The CII has long discussed the importance of trust and confidence in insurance and we believe both can be restored if this process remains open and transparent to the public. We recently released guidance in collaboration with the ABI, BIBA, and our members, to support professionals close the gap between what customers expect insurance products to do and what they deliver, and we will continue to engage on this matter.”
Steve White, BIBA ceo said “The judgement today in the Supreme Court which substantially ruled in favour of the FCA is good news for many businesses that bought an unspecified disease extension.
The application of COVID-19 as a peril in relation to business interruption insurance is a highly complex matter which is why, from the outset, we welcomed the FCA intervention in bringing this test case and the ultimate clarity the judgement now brings.
What is needed now is for insurers to act swiftly to settle claims fairly and to clearly communicate the next steps in the process with brokers to allow them to help and advise their customers.
Though the judgement is welcome, it does not detract from the need for the insurance sector to provide greater clarity about the operation of cover. We will be taking the time to study the judgement in detail and will provide guidance to our members on what it means for them and their customers.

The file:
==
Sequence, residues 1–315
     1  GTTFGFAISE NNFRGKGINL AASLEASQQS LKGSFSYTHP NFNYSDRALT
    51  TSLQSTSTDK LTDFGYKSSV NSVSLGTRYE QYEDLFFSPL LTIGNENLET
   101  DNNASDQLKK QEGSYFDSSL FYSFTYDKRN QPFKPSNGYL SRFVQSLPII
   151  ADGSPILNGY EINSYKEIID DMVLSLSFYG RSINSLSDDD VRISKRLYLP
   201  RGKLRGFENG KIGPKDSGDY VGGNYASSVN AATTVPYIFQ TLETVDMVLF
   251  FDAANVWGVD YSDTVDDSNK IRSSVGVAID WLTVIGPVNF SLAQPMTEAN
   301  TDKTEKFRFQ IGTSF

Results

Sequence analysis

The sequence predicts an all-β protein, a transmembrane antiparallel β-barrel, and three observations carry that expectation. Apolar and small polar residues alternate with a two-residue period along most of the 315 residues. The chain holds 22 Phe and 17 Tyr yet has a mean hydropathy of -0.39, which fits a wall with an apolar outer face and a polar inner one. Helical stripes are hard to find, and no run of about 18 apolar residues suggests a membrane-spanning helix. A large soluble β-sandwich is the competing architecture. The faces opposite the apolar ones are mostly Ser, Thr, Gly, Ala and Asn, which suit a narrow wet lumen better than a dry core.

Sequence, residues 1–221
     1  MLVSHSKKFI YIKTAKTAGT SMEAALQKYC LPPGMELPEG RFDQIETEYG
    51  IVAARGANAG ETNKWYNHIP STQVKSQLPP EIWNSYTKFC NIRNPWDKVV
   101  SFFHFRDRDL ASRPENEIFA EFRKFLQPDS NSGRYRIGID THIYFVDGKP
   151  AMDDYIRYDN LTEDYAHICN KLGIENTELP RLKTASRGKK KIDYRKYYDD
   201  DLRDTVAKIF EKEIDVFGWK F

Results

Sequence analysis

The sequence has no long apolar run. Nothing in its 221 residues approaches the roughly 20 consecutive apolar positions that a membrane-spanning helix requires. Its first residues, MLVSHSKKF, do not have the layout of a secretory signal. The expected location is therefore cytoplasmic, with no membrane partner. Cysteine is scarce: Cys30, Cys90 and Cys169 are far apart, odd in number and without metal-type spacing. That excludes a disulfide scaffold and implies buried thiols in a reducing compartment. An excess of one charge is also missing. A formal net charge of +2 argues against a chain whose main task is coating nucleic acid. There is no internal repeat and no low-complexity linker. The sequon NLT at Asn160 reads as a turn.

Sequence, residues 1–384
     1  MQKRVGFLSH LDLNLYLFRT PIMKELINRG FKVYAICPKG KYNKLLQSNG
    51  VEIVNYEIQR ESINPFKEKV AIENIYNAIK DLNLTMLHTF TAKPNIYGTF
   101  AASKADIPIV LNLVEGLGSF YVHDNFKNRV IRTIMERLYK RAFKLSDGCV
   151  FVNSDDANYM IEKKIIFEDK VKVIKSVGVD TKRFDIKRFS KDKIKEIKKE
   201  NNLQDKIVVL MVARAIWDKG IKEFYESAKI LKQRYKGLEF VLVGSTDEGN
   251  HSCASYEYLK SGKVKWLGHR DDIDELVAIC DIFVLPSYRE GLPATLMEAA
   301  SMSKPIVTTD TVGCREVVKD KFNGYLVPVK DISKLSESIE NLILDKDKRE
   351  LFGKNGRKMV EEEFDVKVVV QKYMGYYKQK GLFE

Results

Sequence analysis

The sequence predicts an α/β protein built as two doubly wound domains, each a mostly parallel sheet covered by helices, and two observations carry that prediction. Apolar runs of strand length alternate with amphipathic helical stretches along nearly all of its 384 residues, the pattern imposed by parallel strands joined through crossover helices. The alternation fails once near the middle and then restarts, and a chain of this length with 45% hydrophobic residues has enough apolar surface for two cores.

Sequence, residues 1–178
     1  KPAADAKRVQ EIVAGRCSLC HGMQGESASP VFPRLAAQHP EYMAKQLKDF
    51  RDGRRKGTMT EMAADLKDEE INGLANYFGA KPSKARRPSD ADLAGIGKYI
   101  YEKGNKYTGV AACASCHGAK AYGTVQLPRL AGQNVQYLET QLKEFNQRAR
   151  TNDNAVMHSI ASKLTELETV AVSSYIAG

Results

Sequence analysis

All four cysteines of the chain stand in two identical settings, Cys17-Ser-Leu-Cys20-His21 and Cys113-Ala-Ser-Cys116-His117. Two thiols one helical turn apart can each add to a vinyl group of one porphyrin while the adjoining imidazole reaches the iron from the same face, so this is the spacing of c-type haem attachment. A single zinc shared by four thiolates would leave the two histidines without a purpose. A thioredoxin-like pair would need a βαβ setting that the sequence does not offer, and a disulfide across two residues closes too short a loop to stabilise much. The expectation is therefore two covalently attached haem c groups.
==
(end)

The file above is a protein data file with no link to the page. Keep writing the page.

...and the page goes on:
Looking forwards the UK needs a long-term answer that provides a solution to help businesses and people cope financially with any future pandemic and BIBA is committed to working across industry and Government to help deliver this.”
Commenting on the Supreme Court’s decision to rule in favour of policyholders in the landmark Financial Conduct Authority (FCA) business interruption insurance test case, the Federation of Small Businesses(FSB) National chair Mike Cherry said “Today’s judgement is a big victory. It cements the High Court’s decision to grant businesses left on the brink the insurance pay-outs they are rightfully owed. For many, it has been a long and difficult road to get to this stage so this will bring clarity and hope to the thousands of firms which have been left in financial limbo for almost a year.
While this is good news, and while the law has to follow procedure, it’s disappointing that so many small businesses have had to wait to get the money they desperately need under policies they believed were there to protect them, policies they bought in good faith.
“Businesses deserve to be protected in a timely way, but instead they have been failed by their insurers and are now trying to make up for lost time. Providers must now pay-out quickly, and consider the steps they can take to progress these claims in a swift and seamless manner. Any paperwork required of claimants shouldn’t be onerous or time-consuming.
Small businesses contribute trillions to the economy. The FCA was right to argue that disease or denial of access clauses within interruption policies should trigger pay-outs in the event of coronavirus-linked disruption. We are hugely grateful for its work in this space.”
Insurance Newslink comments "This has been a complex and sensitive issue for insureds and insurers. The Supreme Court decision will influence outstanding issues in other countries globally, policy wording clarity, and insurance industry/Govermental collaboration in the future."